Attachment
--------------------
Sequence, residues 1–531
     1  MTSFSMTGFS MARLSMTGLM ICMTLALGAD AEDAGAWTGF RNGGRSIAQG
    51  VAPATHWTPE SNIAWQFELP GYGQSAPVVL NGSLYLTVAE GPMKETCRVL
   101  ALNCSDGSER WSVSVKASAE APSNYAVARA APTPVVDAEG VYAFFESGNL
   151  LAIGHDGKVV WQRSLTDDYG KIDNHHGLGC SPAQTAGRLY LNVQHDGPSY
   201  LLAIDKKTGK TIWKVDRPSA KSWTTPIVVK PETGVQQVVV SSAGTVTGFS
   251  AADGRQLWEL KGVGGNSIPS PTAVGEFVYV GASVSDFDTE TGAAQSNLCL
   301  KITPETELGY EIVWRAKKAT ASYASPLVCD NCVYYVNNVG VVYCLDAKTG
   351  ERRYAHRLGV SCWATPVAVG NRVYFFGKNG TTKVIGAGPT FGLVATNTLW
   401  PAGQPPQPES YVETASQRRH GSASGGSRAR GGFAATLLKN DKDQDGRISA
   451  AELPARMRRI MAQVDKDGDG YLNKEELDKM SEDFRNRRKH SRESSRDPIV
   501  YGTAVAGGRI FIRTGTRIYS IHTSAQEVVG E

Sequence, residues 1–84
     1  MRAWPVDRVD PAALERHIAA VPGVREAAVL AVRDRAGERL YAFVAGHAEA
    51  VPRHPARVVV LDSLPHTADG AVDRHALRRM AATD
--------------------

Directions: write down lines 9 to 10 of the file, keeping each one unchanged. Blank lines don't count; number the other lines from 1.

   351  ERRYAHRLGV SCWATPVAVG NRVYFFGKNG TTKVIGAGPT FGLVATNTLW
   401  PAGQPPQPES YVETASQRRH GSASGGSRAR GGFAATLLKN DKDQDGRISA